Anyway, financial markets are generally held to be forward looking. Quite often this has actually been true – but the more the market is subjected to interventionist policy, the less true it perforce becomes. This has never been more obvious than in recent years and months, when the markets were most of the time yanked this way or that way by something a central bank did or a central banker said. The markets have also begun to focus on lagging economic indicators like e.g. the payrolls data, simply because it is widely known that the central bank focuses on them as well. This makes no sense whatsoever, unless one concedes that market prices are by now extremely distorted and that future price trends therefore depend mainly on whether or not there will be more monetary pumping.
The Height of Absurdity
The most bizarre monthly ritual has become the breathless anticipation of the 'Fed minutes'. Not only do these minutes contain the useless backward looking analysis of the FOMC and its advisers (who have yet to recognize a major economic trend change ahead of time after a century of fruitless trying), they are a month old by the time they are released to boot!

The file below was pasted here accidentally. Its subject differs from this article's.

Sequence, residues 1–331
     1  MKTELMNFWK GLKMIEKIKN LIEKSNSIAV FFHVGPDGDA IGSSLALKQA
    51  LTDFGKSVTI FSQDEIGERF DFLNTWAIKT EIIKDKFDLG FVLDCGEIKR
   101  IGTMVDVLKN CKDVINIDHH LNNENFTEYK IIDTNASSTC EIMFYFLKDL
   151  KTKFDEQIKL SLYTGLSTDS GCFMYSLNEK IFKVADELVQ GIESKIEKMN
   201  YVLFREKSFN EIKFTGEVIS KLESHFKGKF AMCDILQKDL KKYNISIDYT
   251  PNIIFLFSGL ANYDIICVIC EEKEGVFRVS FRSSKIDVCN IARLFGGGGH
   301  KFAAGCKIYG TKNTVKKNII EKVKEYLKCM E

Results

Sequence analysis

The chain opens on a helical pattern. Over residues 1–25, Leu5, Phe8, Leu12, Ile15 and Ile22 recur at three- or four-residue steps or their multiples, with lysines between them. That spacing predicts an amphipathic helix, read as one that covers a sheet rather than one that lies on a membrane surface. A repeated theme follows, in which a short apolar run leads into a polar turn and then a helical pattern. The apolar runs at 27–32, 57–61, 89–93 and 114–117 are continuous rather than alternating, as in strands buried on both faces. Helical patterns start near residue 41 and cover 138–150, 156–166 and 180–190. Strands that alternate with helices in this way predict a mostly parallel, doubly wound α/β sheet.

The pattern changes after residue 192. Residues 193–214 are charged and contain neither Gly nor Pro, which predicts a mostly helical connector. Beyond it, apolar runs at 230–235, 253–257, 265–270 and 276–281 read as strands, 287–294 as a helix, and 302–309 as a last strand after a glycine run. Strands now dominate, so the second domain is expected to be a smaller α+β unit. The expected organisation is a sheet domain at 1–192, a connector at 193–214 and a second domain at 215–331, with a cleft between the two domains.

One feels almost stupid participating in a market that reacts to such plainly useless information. And yet, that is precisely what happens. Today the financial press was full with articles describing the 'nervous anticipation' gripping the markets prior to the release, and the subsequent relief at the receiving what at this point can only be described as 'meaningless non-news'. Here is a :
“Even as consensus built within the Federal Reserve in June about the likely need to begin pulling back on economic stimulus measures soon, many officials wanted more reassurance the employment recovery was on solid ground before a policy retreat.